Gazprom Says Controversial Russian Pipe Can Ship Gas in 2021
(Bloomberg) -- A controversial Russian pipeline to Europe can deliver its first batches of natural gas to Germany this year, according to Gazprom PJSC.
The Nord Stream 2 link can ship 5.6 billion cubic meters of the fuel in 2021, the Russian gas giant said in a statement on the eve of a meeting between President Vladimir Putin and German Chancellor Angela Merkel in Moscow. The new pipeline will help ease a supply crunch in the European market, with the news sending benchmark futures in the Netherlands down as much as 12%.
The twin link -- which will double the capacity of the existing undersea route from Russian gas fields to Europe -- has been a major source of friction in trans-Atlantic relations for several years, with the U.S. claiming it could give Russia new leverage over Europe and introducing sanctions targeting the project. Joe Biden‘s administration softened its stance, reaching a deal with Germany last month to end a longstanding rift over the pipeline.
Europe desperately needs gas and Russia has been limiting flows at a time when cargoes of liquefied fuel are being redirected to Asia to meet soaring demand from countries including China, Japan and Korea. With inventories in Europe at their lowest level in more than a decade for this time of year, prices had been breaking records day after day even though it’s summer, when demand is usually low.
Industry watchers from S&P Global Platts to Moscow-based Vygon Consulting expect Nord Stream 2 to start supplies in October and to boost volumes through the winter season.
Mid-October would be “the most realistic timeline” to meet the 5.6 billion-cubic-meters supply plan announced by Gazprom, to have room for a gradual and smooth ramping-up, said Maria Belova, head of research at Vygon Consulting.
Gazprom and the project operator, Switzerland-based Nord Stream 2 AG, declined to comment on when the pipeline may be launched.
More than 99% of the pipeline has been completed, according to its operator. But before carrying the first gas to Germany, the link needs to obtain insurance and certification, a task made difficult by U.S. sanctions that restrict providing these services to the project.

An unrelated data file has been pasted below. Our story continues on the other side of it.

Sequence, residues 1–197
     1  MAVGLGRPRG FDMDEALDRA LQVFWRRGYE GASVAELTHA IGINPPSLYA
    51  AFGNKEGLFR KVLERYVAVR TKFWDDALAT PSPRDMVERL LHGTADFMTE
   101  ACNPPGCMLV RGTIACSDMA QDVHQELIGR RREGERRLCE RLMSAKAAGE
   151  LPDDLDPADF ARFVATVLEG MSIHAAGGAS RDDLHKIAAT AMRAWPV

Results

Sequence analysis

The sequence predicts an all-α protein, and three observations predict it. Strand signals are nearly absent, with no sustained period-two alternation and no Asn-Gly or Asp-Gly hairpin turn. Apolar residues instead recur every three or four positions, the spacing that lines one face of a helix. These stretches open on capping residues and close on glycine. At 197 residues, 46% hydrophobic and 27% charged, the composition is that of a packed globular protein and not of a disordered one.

Aside from regulatory issues, Gazprom needs gas to refill underground storage facilities in Russia, which are at abnormally low levels, before the heating season that starts in October. While the company’s daily production climbed 1.1% in the first 15 days of August from a month earlier -- even after a recent fire at a facility in West Siberia -- Gazprom said this week that it’s overwhelmed with high demand both abroad and in Russia.
“We would note that overall Gazprom production is currently limited,” said James Huckstepp, an analyst at S&P Global Platts.
Keeping Up Pressure
Some traders had argued Russia was capping flows to Europe this year as a way to keep up the pressure to get Nord Stream 2 over the finish line.
“I read this to say: ‘there is a supply problem in Europe this winter; we can deliver at least some gas to help this; if you certify the pipeline and be reasonable about the regulation of its capacity, this will be a win-win solution,’” said Jonathan Stern, a distinguished research fellow at the Oxford Institute for Energy Studies.
Technically, the construction of the gas link may be completed this month, Chief Executive Officer Matthias Warnig told Handelsblatt in July. If the launch schedule for the original Nord Stream pipeline provides any guidance, commissioning works necessary for actual gas supplies via Nord Stream 2 may take another six to seven weeks.
“As one line has been completed and testing and commissioning work is being done, we could see flows via Nord Stream 2 sooner than expected,” said Sova Capital senior analyst Mitch Jennings. “But if Gazprom waits for the second line to be completed, flows could start in October.”
Speculation about the start of the Nord Stream 2 pipeline sent European gas markets haywire on Wednesday. Prices plunged 9.5% after the German gas grid posted data on its website suggesting physical gas moving through the link. Futures then pared losses after Gascade said the information was wrong and removed it from its website.
©2021 Bloomberg L.P.